Petroleum and Natural Gas Fields in Wyoming Page: 21
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REVIEW OF OIL AND GAS FIELDS
the two main transverse faults in the struc-
ture was a factor in determining the gas-bear-
ing area of the field. The closure is estimated
to be approximately 275 feet. The Baxter
shale at the surface is at an elevation of about
6,375 feet. Gas was discovered in the North
Baxter Basin field in November 1926 in a
well in the NE1/4NE1/4 sec. 11, T. 19 N., R.
104 W., that produced 14 million cubic feet
daily from the Dakota sand at 2,920 to 3,068
feet; the shut-in wellhead pressure was 1,200
p.s.i. In August 1929 a well in the NE1/4
NWi/ sec. 24, T. 19 N., R. 104 W., produced
31/2 million cubic feet of gas from the Mor-
rison formation at 3,504 to 3,528 feet; the
shut-in wellhead pressure was 1,450 p.s.i.
Sour gas in the Nugget standstone was dis-
covered in 1945 in a well in the C NEI4SE1/4
sec. 11, T. 19 N., R. 104. W. In January 1.946
a well in this same quarter section recovered
incombustible gas, composed mainly of carbon
dioxide, on a drill-stem test of the Weber
sandstone. This well was completed in the
Nugget sandstone in March 1946 for an initial
daily production of 5 million cubic feet of gas,
45 barrels of oil, and 8 barrels of water; and
subsequently, in 1954, the well was recompleted
in the Frontier formation.
Initial daily open-flow volumes of gas from
wells in the Dakota sandstones were as high
as 17 million cubic feet, while those from the
Morrison were about 3.5 million cubic feet.
The Nugget sandstone wells initially produced
5 to 22 million cubic feet a day. The depth,
in feet, to formation top, as shown by the
electric log of a well drilled in 1949, was as
follows: Frontier, 2,486; Aspen, 2,710; Da-
kota, 3,036; Morrison, 3,200; Curtis, 3,655;
Entrada, 3,794; Twin Creek, 3,902; and Nug-
get, 4,063. Analysis of oil (condensate) from
the Nugget sandstone is given on page 330.
Analyses of gas from the Frontier, Dakota,
Nugget, and Weber formations are given in
table 8 (p. 287). Analyses of water from the
Frontier, Muddy, Dakota, Nugget, and Weber
formations are given in table 9 (p. 292).
Twenty-one wells have been drilled in the
North Baxter Basin field. 14 of which were
in the productive area. In September 1955
there were 10 producing wells in the field.
These were, by formations, as follows: Fron-
tier, one well; Dakota, six wells; Basal Mor-
rison, one well; and Nugget, two wells. Dur-
ing 1954 the wells in the North Baxter Basin
field averaged 718.000 cubic feet of gas a day,
based on the yearly production. To January
1, 1957, the North Baxter Basin field had pro-
duced 49,850 million cubic feet of gas. A
small amount of condensate is produced with
the gas from the Nugget sandstone, and for
1945 to 1949, inclusive, it was reported as oil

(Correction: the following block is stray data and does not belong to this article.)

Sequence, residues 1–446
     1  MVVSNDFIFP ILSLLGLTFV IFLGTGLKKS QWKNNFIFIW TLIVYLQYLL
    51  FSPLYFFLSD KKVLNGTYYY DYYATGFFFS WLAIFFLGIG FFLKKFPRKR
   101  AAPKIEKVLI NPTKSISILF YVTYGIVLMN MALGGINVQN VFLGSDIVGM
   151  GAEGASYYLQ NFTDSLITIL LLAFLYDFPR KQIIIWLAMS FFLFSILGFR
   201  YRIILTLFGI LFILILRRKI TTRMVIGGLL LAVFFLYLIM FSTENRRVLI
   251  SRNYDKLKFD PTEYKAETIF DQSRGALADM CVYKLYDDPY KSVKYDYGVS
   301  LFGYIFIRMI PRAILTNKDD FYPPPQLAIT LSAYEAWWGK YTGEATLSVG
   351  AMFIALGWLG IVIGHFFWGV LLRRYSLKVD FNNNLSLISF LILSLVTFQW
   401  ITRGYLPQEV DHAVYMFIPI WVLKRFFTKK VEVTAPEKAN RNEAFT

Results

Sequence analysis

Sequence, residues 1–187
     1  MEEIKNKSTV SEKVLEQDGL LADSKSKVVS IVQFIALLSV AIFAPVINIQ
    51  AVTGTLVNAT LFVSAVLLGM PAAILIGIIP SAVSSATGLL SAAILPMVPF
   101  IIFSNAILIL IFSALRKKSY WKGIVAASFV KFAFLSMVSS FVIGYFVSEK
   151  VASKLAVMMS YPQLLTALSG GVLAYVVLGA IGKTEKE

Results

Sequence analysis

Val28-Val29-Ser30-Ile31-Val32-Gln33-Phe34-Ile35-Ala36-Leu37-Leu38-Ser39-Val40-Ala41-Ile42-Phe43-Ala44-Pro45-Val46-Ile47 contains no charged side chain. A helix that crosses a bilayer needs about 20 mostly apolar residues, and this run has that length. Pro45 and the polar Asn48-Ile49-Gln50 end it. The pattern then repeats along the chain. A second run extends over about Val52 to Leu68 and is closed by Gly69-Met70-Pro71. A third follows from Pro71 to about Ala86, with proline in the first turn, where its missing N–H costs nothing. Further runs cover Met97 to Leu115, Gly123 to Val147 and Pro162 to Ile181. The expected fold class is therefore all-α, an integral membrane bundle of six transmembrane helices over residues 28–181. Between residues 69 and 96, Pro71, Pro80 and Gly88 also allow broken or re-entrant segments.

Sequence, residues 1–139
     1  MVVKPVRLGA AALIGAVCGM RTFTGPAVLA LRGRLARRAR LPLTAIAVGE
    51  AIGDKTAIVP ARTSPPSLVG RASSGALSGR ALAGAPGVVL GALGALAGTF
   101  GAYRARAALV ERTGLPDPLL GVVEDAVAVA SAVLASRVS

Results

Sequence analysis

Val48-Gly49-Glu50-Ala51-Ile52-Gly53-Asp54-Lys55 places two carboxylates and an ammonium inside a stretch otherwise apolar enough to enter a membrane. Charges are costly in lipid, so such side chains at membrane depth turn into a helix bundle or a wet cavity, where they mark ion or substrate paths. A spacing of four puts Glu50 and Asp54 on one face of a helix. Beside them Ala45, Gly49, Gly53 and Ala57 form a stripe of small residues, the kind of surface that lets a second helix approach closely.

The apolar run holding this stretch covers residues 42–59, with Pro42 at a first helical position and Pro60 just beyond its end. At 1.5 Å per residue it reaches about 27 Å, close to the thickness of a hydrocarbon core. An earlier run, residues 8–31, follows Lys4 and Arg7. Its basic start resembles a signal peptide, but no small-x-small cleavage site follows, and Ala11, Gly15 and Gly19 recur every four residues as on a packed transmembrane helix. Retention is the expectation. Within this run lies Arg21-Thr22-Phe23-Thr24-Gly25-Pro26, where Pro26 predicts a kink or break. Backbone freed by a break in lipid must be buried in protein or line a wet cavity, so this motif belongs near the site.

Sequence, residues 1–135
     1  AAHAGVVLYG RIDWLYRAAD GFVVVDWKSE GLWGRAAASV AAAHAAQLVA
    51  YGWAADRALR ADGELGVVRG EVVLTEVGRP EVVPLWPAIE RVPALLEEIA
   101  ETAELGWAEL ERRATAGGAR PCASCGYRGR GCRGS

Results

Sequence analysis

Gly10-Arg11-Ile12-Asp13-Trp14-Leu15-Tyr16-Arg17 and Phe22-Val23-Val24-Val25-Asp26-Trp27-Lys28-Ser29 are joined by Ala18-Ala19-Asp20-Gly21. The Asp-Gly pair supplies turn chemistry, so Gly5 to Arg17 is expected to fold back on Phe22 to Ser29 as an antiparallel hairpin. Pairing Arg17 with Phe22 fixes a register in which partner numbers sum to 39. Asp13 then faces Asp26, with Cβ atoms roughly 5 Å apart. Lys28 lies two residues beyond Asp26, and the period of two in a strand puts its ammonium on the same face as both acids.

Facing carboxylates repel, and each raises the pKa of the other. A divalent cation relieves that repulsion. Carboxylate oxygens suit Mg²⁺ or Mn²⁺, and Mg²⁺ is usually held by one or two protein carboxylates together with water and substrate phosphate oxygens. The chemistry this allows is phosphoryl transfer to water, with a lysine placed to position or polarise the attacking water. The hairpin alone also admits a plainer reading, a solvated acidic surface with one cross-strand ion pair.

production. During this period, 7,777 barrels
was reported produced. Since that time the
condensate has been sold to farmers and ranch-
ers in the area as tractor fuel and not reported
as crude oil produced.
Gas from North, Middle, and South Baxter
Basin fields is piped to Salt Lake City and
Ogden, Utah, and to a number of cities in
southwestern Wyoming, where it is used for
domestic and industrial purposes. This gas-
transportation system was built in 1929, and
additions were made to the pipeline as new
fields were developed. Flowing pressures of
the wells in September 1955 were sufficient to
overcome the pipeline pressure of 440 p.s.i.
Standard surface equipment at all wells in
the three Baxter Basin fields includes sepa-
rators to remove fluid, heaters (to heat the
gas stream), and dehydrators to remove water
vapor from the gas. Some wells flowed gas
through both tubing and casing, while others
flowed through the tubing only.
Middle Baxter Basin gasfield is in the west-
ern third of T. 18 N., R. 103 W. and sec. 12,
T. 18 N., R. 104 W. In early reports this area
was sometimes referred to as Dry Lake. Struc-
turally it is on the northern part of the south
"high" on the Rock Springs uplift. The
southern field boundary was determined by
ownership and not by structural position. The
area is severely faulted, as shown by the map
Gas was discovered in the Frontier forma-
tion in Middle Baxter Basin on January 23,
1938. The discovery well, in the NW1/4NWQ1,
sec. 30, T. 18 N., R. 103 W., produced initially
2.2 million cubic feet of gas a day from 1,690
to 1,725 feet. In 1.938 gas also was found in
the Dakota formation in a well in the SE1/4
SE1/4SE1/4 sec. 13, T. 18 N., R. 104 W. Initial
daily production was 3.5 million cubic feet of
gas from the depth interval of 2,480 to 2,490
feet. In August 1946 a well in the SE1/4SE/4
SE1/! sec. 6, T. 18 N., R. 103 W., was com-
pleted in the Lakota formation for an initial
daily production of 41.3 million cubic feet of
gas at the depth interval of 2,677 to 2,712 feet.
This is the only well completed in this sand
in the field, and there is some question as to
whether or not this formation is actually the
Lakota. The log of a well in the SE1/ sec.
18, T. 18 N., R. 103 W., drilled in 1946, gives
the depth, in feet, to the top of formations as
follows: Aspen, 1,935; Dakota, 2,304; Fuson,
2,410; Lakota, 2,500; Morrison, 2,520; Curtis,
2,927; Entrada, 3,078; Twin Creek, 3,175;
Nugget, 3,340; Jelm, 3,900; Shinarump, 4,235;
Chugwater, 4,295; Dinwoody, 4,920; Phos-
phoria, 5,197; and Weber, 5,485. Analyses of
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Biggs, Paul & Espach, Ralph H. Petroleum and Natural Gas Fields in Wyoming, report, 1960; Washington D.C.. (digital.library.unt.edu/ark:/67531/metadc38797/m1/35/: accessed August 22, 2017), University of North Texas Libraries, Digital Library, digital.library.unt.edu; crediting UNT Libraries Government Documents Department.